This is the middle of week 6 for my “friend” who was diagnosed with Leukemia – the most fast moving type of the disease. The doctors predicted she would live between one and four weeks.
We can all see that her health is deteriorating – and she knows that as well. She has less energy, spends more time resting, her voice is not as strong as it always was – except when she sings. Singing praises to the Lord gives her joy.
I used the word friend in quotes because Donna is more than just a friend. She has been like a big sister, and sometimes mother, to me for nearly 20 years. She has always been willing to help anyone – friend or foe – as long as I’ve known here.
When I was wheelchair bound with two broken ankles, she drove to our house to help me shower. The day after my surgery when I was flat on my back for 72 hours, she and another friend drove out and cleaned house for us EVEN THOUGH she had to work an 8-hour shift at a nursing home that evening.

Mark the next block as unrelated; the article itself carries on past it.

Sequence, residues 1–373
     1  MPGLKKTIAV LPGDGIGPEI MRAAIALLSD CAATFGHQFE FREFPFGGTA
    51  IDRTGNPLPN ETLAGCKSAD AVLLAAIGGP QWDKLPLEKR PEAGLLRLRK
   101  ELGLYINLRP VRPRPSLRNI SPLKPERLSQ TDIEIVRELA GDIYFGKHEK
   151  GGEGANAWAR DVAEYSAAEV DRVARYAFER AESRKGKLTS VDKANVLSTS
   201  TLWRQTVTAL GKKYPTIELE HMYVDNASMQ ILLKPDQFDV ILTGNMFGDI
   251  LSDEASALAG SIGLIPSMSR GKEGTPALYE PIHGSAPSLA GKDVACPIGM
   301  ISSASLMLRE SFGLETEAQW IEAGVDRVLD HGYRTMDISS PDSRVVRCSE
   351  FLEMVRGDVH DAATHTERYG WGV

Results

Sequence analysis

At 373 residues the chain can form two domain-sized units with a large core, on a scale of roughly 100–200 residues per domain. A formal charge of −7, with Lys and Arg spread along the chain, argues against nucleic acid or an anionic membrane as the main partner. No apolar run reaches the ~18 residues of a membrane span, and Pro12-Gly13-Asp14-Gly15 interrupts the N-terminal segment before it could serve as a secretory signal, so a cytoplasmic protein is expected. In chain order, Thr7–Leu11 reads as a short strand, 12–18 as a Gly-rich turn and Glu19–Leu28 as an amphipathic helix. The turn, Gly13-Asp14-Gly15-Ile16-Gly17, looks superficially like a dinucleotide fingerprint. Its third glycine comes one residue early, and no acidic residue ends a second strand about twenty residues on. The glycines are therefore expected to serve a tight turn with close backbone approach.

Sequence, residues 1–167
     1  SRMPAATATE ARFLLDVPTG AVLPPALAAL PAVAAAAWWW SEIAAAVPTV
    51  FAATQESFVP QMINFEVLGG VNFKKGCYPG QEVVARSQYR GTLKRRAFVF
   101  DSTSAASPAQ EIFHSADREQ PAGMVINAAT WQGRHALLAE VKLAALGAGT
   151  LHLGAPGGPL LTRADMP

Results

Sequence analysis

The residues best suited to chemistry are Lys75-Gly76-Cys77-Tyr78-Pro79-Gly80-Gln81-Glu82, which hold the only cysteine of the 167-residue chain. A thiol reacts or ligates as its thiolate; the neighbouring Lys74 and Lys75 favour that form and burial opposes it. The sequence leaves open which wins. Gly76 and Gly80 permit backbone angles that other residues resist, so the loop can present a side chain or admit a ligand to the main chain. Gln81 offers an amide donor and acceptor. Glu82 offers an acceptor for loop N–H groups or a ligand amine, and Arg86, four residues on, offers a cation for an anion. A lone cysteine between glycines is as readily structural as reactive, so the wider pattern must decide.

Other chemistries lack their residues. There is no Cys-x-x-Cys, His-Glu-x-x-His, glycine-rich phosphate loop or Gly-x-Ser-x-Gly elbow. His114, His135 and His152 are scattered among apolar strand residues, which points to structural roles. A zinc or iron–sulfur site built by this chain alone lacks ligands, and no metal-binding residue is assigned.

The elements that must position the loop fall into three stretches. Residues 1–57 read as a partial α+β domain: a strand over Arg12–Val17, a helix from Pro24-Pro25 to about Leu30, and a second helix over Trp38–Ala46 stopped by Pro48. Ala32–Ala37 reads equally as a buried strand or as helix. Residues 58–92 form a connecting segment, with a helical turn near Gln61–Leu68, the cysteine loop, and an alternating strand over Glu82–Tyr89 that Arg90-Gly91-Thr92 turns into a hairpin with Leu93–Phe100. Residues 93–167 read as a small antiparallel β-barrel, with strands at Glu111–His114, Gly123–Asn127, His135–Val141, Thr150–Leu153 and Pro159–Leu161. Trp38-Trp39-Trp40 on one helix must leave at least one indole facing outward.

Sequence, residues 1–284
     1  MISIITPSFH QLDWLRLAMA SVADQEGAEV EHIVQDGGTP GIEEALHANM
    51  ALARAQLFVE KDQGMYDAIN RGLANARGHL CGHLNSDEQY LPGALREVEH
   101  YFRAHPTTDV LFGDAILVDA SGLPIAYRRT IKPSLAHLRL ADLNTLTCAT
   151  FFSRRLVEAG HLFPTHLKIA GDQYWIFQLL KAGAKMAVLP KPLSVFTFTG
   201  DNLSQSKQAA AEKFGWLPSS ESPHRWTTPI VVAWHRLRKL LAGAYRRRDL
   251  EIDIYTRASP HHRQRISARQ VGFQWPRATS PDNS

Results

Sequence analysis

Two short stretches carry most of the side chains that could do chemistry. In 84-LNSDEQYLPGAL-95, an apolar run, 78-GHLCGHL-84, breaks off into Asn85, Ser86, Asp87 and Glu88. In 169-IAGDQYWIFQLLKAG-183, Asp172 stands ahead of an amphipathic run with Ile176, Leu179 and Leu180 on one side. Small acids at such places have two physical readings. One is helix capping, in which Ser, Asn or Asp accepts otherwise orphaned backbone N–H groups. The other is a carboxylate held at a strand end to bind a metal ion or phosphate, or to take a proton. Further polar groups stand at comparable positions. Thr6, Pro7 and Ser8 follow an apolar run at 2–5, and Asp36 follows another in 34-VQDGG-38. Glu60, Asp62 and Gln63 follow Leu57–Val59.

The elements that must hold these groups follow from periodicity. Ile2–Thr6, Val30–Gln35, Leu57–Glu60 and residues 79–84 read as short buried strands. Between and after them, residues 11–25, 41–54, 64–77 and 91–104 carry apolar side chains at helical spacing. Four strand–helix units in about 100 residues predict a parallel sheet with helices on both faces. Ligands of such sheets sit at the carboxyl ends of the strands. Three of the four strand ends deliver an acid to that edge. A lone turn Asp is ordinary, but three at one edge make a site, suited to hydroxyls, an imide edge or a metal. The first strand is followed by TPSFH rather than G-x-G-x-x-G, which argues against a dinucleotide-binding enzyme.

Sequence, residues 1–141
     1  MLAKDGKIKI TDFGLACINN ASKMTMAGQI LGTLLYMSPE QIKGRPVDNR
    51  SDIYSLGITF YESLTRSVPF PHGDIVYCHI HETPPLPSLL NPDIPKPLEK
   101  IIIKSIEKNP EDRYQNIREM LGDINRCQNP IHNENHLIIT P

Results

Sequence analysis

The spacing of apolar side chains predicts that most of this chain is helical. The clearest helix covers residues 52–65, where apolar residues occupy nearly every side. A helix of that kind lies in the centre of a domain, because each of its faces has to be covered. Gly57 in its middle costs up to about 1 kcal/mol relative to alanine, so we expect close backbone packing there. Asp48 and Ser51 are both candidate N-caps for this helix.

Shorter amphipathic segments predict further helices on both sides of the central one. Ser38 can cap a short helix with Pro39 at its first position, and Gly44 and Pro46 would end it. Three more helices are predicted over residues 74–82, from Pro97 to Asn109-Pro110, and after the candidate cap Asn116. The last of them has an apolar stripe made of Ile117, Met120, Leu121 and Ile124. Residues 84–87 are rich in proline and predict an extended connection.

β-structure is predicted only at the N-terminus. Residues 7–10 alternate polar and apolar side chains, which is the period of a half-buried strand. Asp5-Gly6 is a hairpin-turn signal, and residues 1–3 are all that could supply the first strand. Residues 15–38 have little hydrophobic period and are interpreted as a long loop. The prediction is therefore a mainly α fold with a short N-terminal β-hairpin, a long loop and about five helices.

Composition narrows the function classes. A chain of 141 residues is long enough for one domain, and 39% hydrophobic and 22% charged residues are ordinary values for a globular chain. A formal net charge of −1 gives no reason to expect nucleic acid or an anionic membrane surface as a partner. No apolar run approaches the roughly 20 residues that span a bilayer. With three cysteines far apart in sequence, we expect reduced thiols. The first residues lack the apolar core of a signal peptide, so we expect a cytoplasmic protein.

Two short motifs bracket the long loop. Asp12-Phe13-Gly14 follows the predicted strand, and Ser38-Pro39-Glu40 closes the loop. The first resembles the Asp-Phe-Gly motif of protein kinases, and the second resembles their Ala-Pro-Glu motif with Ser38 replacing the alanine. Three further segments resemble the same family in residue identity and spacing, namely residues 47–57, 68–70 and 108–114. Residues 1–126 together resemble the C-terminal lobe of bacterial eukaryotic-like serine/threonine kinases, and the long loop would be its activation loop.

It is so difficult to even think of life without this amazing woman in it. Even more difficult to watch her waste away. I visit 2 or 3 times each week, short visits so that she doesn’t feel she has to be strong during the time I’m there.
I have made a few meals for the family. Her only daughter and 3 grandchildren are here for the duration, filling the house with youth and helping where they can. It’s hard for all of us, a close-knit church family.
Her husband is our pastor & he is having trouble dealing with the situation. She is such a huge part of his life, he doesn’t want to live without her.
Oh, but what is waiting for her on the other side! To be welcomed to heaven by her Savior, what an awesome thought!!

Getting skunked

I have NEVER ONCE gone fishing without catching anything… NEVER!!  Until Sunday!!